Towards Innovation

Galway needs a city centre innovation hub to attract ‘cool’ companies, tech entrepreneur John Breslin tells Lorraine O’Hanlon of the Galway Independent ahead of next month’s Innovating West summit.

Galway is missing out on attracting innovative tech enterprises due to its lack of a downtown hub, according to boards.ie co-founder John Breslin.

Fortunately, plans are afoot to remedy the situation and the need for the so-called Galway City Innovation District is among the topics set to be discussed at the one-day Innovating West summit taking place at NUI Galway on Friday 13 March.

The idea for the event, which will focus on building both teams and innovation ecosystems in the West, came after Innovating West co-organiser Dave Cunningham established a new incubator for start-up businesses, StartX6, on Mary Street in the city centre.

In a bid to inspire more people to create viable businesses in Galway, Dave and John thought it would be a good idea to bring together some of the leaders who have built some of the top companies and teams in the West.

“They’re all coming together on the day to inspire people, to show that you can do things here as good as anywhere,” explains John.

However, some challenges remain for those setting up in Galway, as many companies considering it as a location “see the fantastic city that we have and the talent and the lifestyle and culture, but they often are missing that downtown hub where they could imagine themselves being placed”, he says.

While some software companies – such as SmartBear and Element Wave at Dockgate on Dock Road – have found homes in the city centre, and many others on the outskirts at Parkmore or Dangan, John feels a dedicated area in the heart of the city would attract even more.

“There is a move in a lot of cities around the world to create these downtown innovation districts where you can basically cluster the cool companies, the cafés, the transport, the Internet and broadband all in one place,” he says.

“In Galway we’re kind of missing that. I think we’re losing out a little bit because these companies go to other cities and they see the downtown building and see the cool exposed stonework and they can imagine themselves being there. We don’t really have that here yet.”

The panel discussion at Innovating West on the topic, ‘Towards a Galway City Innovation District and Similar Ecosystems in the West’, will feature contributions from John along with Maurice O’Gorman from Galway Chamber and IDA Western Regional Manager Catherina Blewitt.

The discussion will, John hopes, build awareness of the need for the district, and include brainstorming on how to make it happen now, rather than in ten years’ time. In fact, he is hopeful that there will be real movement on the plan in the next year.

Given the overwhelming support for the initiative since it was first mooted, however, John believes the development simply requires “pushing an open door”. Support has already come from the likes of Galway City Council, Galway Chamber, NUI Galway, and Galway Harbour.

John sees the area around Ceannt Station and Galway Harbour in particular as an ideal space for the innovation hub development, and hopes to see at least one building utilised successfully as such before the district is grown further from there.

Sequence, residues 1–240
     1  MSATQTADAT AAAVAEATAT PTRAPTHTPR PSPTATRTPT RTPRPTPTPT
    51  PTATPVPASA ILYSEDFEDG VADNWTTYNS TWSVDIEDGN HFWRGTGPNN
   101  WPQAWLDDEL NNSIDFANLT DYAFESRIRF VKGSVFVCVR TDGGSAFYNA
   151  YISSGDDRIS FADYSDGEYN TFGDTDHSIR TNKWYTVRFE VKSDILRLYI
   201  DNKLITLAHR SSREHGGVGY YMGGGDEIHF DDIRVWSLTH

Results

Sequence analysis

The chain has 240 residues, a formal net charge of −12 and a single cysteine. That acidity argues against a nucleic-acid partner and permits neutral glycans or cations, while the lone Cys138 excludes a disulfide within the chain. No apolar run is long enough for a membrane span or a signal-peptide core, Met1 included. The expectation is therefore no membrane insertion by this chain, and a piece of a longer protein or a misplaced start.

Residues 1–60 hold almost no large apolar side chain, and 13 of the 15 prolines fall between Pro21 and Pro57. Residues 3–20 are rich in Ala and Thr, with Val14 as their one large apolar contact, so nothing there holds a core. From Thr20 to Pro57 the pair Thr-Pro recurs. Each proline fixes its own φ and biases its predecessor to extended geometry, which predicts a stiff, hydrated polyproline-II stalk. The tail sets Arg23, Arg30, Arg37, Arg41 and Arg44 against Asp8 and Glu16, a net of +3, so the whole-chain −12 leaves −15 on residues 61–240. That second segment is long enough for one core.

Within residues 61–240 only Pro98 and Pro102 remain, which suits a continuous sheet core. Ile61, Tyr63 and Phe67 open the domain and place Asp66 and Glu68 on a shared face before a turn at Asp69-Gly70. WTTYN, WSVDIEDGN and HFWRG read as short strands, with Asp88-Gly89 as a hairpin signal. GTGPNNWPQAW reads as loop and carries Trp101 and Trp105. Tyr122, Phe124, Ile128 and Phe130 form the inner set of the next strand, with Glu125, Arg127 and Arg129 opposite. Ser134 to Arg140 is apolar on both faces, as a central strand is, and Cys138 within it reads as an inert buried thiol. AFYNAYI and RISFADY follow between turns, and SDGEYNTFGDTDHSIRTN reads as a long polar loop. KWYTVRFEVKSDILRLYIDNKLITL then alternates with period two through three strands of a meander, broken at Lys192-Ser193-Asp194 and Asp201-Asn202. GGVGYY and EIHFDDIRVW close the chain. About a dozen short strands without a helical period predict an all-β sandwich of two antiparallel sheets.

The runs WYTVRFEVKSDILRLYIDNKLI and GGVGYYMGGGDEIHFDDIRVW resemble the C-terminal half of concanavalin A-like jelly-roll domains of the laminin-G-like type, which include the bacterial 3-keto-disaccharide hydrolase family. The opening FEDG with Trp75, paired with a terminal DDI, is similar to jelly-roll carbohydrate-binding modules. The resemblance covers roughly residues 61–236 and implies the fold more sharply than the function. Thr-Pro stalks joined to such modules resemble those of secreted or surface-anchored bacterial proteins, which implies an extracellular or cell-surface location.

“We would see that space as, hopefully, being a target for this innovation district and that will be part of the discussion at Innovating West,” he says.

The station area has huge potential, he considers, as it’s close to town, the main transportation hub, and is within walking distance of key spots like the university.

In addition to its focus on the Galway City Innovation District, the Innovating West summit, which is sponsored by Galway Independent, will also focus on building teams here, with speakers from companies employing hundreds and thousands of people offering their insights during a series of interactive panel discussions.

‘Why Galway Works’ is just one of the topics set to be discussed by innovators such as HP Galway MD Mark Gantly, Element Wave CEO Dorothy Creaven, Cloud90 CEO Nicola Byrne, Enterprise Ireland Western Regional Manager Barry Egan and Silicon Valley-based Game Golf CEO John McGuire.

Mr McGuire, whose golf product has been used by US President Barack Obama, is flying in specially for the event, and John points to the fact that the company still has a base in Galway as evidence of the West’s appeal.

Galway’s charm also applies to the sports sphere and team building will be discussed at the summit by Connacht Rugby’s Head Coach Pat Lam, CEO Willie Ruane and Domestic Rugby Manager Eric Elwood, who will speak on ‘Lifting Connacht Rugby to a New Level’.

“Connacht Rugby has built a very strong team, both in terms of the managerial team and the players,” says John. “Whether you’re a tech company or a rugby team, you’re basically trying to attract someone to the lifestyle of Galway.”

While there may be different requirements and skills needed for sports stars and tech teams, John contends that people still want the same things from where they live: good quality of living, adequate housing, quality schools in the area, convenient transportation, and broadband connectivity.

The same is true outside cities and ‘Building a Winning Team Outside of a City’ will also be discussed at the summit by Gerry Barry, founder of Baile na hAbhann-based Fintrax, Harry Hughes from Westport-based Portwest, and John Concannon from Tuam-based JFC Manufacturing.